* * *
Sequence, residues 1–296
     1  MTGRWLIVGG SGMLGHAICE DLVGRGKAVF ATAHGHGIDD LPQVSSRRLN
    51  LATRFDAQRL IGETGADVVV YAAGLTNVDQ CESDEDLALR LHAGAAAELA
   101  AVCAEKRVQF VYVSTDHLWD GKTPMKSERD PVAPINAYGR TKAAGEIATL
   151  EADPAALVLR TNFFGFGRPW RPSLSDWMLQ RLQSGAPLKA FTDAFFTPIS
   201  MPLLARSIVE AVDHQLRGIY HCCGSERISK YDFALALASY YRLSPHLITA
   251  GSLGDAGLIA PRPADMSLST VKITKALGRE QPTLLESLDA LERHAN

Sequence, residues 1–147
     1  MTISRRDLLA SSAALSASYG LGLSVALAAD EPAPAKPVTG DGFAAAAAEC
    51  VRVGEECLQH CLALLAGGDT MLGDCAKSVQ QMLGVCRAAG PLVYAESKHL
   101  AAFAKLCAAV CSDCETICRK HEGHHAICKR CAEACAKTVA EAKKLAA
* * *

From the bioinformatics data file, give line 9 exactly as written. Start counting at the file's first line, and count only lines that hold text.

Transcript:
     1  MTISRRDLLA SSAALSASYG LGLSVALAAD EPAPAKPVTG DGFAAAAAEC